Eating pizza is like a second job for me.
Growing up Italian-American in New York, it’s almost mandatory that you become an expert on the topic.
Working in Italian restaurants in New York and living in Italy certainly helped form my opinions of pizza. But the only way to really understand New York pizza is to eat a lot of it, for a while.
The way I see it, New York pizza breaks down into three categories:
1) The quaint, artisanal, pizza restaurants spread mostly throughout Brooklyn and Manhattan, which emulate traditional Neapolitan pizza and sell an expensive slice.
2) The random corner joints that may or may not be part of a larger chain, and seldom put any of the love the old-school places did into their pizza, though there are still some good ones left.
3) The relics of a former age, like Lombardi’s, DiFara, Grimaldi’s, and Tottono’s. A few of these are still delicious, but others simply use the name that made them famous to sell a mediocre product.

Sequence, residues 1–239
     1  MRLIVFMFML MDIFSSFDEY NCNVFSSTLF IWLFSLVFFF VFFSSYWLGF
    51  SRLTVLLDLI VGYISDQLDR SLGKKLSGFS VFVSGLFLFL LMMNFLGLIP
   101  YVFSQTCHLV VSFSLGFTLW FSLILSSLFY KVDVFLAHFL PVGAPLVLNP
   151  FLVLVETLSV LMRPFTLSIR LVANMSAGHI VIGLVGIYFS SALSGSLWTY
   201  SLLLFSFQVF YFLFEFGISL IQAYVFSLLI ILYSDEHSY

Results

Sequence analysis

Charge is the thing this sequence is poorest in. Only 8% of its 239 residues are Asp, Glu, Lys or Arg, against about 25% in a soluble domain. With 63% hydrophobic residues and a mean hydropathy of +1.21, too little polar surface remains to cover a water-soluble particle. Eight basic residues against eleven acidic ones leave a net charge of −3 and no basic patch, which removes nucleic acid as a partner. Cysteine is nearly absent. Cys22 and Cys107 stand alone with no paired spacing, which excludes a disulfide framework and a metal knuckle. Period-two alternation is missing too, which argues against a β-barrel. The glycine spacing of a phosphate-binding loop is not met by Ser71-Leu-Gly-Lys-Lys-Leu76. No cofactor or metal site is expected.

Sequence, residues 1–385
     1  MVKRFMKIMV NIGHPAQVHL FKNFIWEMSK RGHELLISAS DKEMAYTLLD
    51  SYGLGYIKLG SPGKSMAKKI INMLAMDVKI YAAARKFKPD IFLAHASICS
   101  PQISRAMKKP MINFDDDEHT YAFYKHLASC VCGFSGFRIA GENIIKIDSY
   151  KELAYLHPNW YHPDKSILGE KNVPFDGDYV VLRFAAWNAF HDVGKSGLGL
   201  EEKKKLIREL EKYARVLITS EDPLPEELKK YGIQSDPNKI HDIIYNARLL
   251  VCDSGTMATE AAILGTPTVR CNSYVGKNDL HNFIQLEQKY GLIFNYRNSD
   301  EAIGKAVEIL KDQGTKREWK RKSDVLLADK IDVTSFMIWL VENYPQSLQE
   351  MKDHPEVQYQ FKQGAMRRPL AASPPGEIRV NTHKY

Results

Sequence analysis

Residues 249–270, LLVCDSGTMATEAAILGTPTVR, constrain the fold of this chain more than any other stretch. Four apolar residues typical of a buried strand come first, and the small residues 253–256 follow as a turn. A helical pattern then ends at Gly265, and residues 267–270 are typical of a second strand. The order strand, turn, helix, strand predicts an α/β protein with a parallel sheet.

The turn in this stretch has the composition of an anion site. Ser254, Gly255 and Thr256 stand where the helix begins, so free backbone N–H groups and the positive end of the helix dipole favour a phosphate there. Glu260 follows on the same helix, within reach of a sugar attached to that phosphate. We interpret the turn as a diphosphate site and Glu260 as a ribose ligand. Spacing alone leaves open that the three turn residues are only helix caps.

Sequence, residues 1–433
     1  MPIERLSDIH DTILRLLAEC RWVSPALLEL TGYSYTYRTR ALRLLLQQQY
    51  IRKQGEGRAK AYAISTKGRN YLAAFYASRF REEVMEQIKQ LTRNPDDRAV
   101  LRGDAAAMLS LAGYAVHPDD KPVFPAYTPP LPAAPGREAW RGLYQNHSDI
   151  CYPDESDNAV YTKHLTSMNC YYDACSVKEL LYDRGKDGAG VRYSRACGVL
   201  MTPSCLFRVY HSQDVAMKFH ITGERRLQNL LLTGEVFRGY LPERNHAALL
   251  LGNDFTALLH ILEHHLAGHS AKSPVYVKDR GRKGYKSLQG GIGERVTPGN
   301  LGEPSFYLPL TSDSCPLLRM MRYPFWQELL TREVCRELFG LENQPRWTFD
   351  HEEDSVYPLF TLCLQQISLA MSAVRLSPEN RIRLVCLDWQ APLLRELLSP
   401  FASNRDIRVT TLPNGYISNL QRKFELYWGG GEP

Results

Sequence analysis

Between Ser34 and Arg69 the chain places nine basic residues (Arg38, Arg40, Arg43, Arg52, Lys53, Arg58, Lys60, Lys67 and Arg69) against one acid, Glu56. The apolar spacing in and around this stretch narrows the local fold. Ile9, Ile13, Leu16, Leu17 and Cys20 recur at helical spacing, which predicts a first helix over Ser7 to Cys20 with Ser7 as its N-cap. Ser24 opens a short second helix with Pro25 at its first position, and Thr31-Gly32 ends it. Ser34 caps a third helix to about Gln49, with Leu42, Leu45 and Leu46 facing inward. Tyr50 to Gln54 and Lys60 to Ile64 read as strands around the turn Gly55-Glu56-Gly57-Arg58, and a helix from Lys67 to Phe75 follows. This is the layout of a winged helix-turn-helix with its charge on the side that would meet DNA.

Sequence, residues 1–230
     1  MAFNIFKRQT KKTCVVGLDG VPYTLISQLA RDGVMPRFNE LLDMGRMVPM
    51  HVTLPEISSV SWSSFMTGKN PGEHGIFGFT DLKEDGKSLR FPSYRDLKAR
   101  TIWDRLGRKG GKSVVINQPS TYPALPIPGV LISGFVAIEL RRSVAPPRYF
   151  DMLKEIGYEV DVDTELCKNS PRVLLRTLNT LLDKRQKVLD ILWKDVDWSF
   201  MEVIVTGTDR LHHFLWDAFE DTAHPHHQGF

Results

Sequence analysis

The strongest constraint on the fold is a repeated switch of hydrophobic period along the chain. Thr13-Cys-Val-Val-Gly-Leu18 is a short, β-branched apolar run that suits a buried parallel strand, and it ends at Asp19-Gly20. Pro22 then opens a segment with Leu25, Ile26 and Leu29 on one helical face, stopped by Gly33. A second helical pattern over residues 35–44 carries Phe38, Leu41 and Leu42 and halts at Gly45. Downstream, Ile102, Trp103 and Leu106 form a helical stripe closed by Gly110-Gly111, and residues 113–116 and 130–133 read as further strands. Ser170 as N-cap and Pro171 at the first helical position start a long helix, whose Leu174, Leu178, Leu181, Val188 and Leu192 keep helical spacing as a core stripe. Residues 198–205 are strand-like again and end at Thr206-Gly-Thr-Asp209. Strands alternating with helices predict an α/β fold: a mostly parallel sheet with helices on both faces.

I’ve tried many of the old-school, classic places as well as the hottest new artisanal spots. And while I enjoy pizza from all of them, there is one place that slightly edges them out in my book, and keeps me coming back for more: Franny’s, in Brooklyn.
Yes, it does fall into the artisanal category. It’s not a throwback to old New York, but it is as authentic a pizza as you will find. Bottom line, it’s delicious.
There are always delicious new topping combinations. This was the anchovy caper, potato and red onion. Delicious!
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